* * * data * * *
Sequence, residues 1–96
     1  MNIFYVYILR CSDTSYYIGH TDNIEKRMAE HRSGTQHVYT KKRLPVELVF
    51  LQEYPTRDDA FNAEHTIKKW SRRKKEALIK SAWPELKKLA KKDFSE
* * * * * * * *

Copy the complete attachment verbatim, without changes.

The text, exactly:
Sequence, residues 1–96
     1  MNIFYVYILR CSDTSYYIGH TDNIEKRMAE HRSGTQHVYT KKRLPVELVF
    51  LQEYPTRDDA FNAEHTIKKW SRRKKEALIK SAWPELKKLA KKDFSE